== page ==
No source code lines were found at current PC 0xff6. Open program memory view to see instruction code disassembly.
User program running
User program stopped

 
The idea is that the program keeps cycling to read the temperatures but does nothing other than flash the Over Temp LED until things cool below the Over_Temp threshold. 
 
Not_Over_Heating is defined by:
 
#define Not_Over_Heating ((High_Temp_Fan1 < Over_Temp) && (High_Temp_Fan2 < Over_Temp))
 
 

if (Not_Over_Heating) { //Maintain normal operation of optical switch and timer management
OvrTmpLED_SetLow(); //Make sure Over-Temp LED is off
if (CASE && (Switch_Cleared=='Y')) {
for (int countDelay=0; countDelay <200; countDelay ++)__delay_ms(5); //Delay 1s for case to settle
if (CASE) {
TimerStart_SetHigh();
for (unsigned char countDelay=0; countDelay <30; countDelay ++)__delay_ms(5);
TimerStart_SetLow();
}
}
else {
if (NO_CASE) Switch_Cleared='Y';
}
}
else { //Overheating. Blink LED. Operation can't commence until no longer overheating
OvrTmpLED_Toggle();
for (int countdelay=0; countdelay<10; countdelay++)__delay_ms(5);
}

 
SGK
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Re: Newbie: controlling duty cycle of PWM set up with MCC 2018/06/17 13:24:13 (permalink)
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No takers on that one?
 
@PStechPaul I'm not sure if you have had the time or inclination to load the project and do any testing.  I'm wondering how to test the temperature reading. Is there a way to simulate a voltage at a pin?
PStechPaul
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Re: Newbie: controlling duty cycle of PWM set up with MCC 2018/06/17 16:51:37 (permalink)
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I've been busy with various projects, including outdoor yard and house maintenance, and renovating some old electronic equipment that I built 40-50 years ago.
 

 

 

 
But, also, I think it's time for you to proceed more on your own, learning to do effective problem solving and debugging, using the tools you have. The MPLABX simulator allows you to simulate a voltage on a pin, or I think it has a legacy mode where you can use register injection from a file to update the value of ADRESH or ADRESL. There should be tutorials and forum threads describing the process.

 
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Re: Newbie: controlling duty cycle of PWM set up with MCC 2018/06/18 07:52:51 (permalink)
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Oh I didn't expect you to debug my project. I was merely enquiring given your suggestion that I post the project file to allow people to debug if they had the inclination and time.  I certainly understand you have better things to do. :)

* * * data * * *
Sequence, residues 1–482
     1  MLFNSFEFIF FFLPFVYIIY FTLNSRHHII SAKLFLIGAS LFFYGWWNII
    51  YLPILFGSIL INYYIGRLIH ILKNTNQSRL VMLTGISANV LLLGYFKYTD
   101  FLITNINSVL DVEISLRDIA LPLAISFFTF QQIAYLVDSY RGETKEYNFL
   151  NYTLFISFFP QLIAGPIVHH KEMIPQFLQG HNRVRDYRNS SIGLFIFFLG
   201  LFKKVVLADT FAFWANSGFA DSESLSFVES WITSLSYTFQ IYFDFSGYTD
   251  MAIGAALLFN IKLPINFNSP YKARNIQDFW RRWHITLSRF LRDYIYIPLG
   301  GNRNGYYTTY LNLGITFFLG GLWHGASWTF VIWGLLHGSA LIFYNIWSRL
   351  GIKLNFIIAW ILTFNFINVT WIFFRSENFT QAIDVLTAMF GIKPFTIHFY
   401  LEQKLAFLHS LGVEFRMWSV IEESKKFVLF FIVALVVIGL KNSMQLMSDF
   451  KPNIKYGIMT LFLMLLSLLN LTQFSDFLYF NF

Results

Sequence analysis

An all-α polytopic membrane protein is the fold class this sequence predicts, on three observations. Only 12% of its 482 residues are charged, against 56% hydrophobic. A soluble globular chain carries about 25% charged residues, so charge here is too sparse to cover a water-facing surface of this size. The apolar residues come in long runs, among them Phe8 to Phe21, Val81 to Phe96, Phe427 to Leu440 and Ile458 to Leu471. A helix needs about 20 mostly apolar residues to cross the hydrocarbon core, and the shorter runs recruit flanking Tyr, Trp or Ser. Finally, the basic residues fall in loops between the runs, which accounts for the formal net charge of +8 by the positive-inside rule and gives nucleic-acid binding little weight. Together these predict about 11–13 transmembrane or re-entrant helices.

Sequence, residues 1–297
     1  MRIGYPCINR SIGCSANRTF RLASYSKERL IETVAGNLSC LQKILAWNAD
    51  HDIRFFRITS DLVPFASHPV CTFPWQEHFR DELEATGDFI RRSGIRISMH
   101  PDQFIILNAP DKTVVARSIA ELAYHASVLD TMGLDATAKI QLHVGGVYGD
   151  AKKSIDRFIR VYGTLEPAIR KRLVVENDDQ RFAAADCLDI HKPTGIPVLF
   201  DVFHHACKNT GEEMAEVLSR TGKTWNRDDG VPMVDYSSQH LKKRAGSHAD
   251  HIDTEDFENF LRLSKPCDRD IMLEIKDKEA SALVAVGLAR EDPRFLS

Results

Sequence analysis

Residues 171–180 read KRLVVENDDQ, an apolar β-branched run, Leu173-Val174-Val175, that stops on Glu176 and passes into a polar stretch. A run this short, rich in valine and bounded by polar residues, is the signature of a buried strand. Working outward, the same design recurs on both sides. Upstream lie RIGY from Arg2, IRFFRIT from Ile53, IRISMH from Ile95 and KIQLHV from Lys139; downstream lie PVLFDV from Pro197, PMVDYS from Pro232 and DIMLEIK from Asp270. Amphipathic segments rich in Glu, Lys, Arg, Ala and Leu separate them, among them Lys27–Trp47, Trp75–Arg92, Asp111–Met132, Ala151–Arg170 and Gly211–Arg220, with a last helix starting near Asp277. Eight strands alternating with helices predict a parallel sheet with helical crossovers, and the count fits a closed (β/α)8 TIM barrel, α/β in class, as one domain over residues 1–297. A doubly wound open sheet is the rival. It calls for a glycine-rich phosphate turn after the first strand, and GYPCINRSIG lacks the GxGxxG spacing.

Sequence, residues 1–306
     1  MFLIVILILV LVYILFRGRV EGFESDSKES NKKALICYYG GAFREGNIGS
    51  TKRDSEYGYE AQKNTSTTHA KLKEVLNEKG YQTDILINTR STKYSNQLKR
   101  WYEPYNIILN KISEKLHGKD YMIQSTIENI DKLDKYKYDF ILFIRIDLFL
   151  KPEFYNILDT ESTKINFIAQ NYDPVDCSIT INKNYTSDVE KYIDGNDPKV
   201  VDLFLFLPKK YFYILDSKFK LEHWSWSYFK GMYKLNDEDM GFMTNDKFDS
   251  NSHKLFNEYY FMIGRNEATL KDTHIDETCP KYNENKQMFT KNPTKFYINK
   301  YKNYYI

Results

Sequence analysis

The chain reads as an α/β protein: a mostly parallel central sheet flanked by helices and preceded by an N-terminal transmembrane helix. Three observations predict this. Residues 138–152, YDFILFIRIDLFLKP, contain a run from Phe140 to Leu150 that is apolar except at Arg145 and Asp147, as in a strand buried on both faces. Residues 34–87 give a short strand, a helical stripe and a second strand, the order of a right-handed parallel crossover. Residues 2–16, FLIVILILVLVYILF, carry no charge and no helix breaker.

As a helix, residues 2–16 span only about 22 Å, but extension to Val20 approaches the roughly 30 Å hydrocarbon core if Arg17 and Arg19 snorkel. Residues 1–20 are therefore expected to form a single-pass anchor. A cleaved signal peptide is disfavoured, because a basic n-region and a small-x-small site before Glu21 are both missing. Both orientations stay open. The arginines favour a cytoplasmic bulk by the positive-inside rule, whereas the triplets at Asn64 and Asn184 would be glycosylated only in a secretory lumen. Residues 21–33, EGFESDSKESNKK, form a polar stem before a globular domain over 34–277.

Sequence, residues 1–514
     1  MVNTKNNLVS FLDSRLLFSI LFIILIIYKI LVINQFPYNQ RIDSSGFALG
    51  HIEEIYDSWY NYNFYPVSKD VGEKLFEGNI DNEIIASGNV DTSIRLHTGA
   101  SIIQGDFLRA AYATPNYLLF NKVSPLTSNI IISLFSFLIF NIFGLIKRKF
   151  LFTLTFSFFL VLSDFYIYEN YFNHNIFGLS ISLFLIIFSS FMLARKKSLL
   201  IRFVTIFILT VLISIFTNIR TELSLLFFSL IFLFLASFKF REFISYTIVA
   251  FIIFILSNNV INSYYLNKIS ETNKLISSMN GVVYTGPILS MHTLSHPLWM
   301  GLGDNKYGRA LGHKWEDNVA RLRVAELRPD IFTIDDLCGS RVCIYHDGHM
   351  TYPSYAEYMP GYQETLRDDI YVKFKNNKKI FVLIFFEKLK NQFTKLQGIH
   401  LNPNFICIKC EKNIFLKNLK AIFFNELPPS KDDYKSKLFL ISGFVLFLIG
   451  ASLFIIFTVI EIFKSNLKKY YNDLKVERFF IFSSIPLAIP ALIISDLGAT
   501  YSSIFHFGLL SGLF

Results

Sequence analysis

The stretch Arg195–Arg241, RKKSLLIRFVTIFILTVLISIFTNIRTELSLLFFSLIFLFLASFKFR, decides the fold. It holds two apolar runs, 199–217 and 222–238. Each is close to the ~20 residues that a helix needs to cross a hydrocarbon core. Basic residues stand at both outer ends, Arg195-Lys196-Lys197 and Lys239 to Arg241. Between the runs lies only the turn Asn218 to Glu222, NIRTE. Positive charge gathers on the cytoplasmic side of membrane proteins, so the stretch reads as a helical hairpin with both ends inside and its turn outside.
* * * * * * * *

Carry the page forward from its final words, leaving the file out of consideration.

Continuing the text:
I'm having trouble getting the register injection to work despite having looked at several tutorials. I have created a text file with one value in it, merely "512", to test.  I have a 10 bit DAC with a max value of 1023 and want, in this first instance, to test 2.5V.  My register injection line the following 
 
Label: Temp
Reg/Var: ADRESH (for some reason these are all duplicated i.e. there are two ADRESH in the drop-down list)
Trigger: Demand
PC value: 0x0
Width: 4
Data filename: full path to text file
Wrap: yes
Format: Dec
 
Apply Synchronous Stimulus is active. 
 
Yet I never see any changes to the value produced by read(NTC).  I also tried using the PC= trigger and selecting read(NTC) in the PC value drop down list but this didn't work either. It doesn't matter whether I attempt to update the value of ADRESH, ADRESL or both. So I'm rather puzzled as to how to get this register injection stuff working. 
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Re: Newbie: controlling duty cycle of PWM set up with MCC 2018/06/18 11:31:50 (permalink)
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With only one value, ADRESH or ADRESL will only be updated with that, and won't change. You need to have at least two different values. Also, be sure to select decimal or hex depending on your preference. I have also seen multiple instances of ADRESH in the drop-down control. That seems to be a bug. I think ADRESH also updates ADRESL in the simulator.
 
It is also possible that you need to set the ADC simulator to legacy mode for register injection to work. I think the default for MPLABX uses voltage at the pin for simulation. I have mostly used 8.92 for register injection of the ADC.
 
If you can't get register injection to work, you could put a breakpoint at the place in the code that takes the reading, and manually update the value.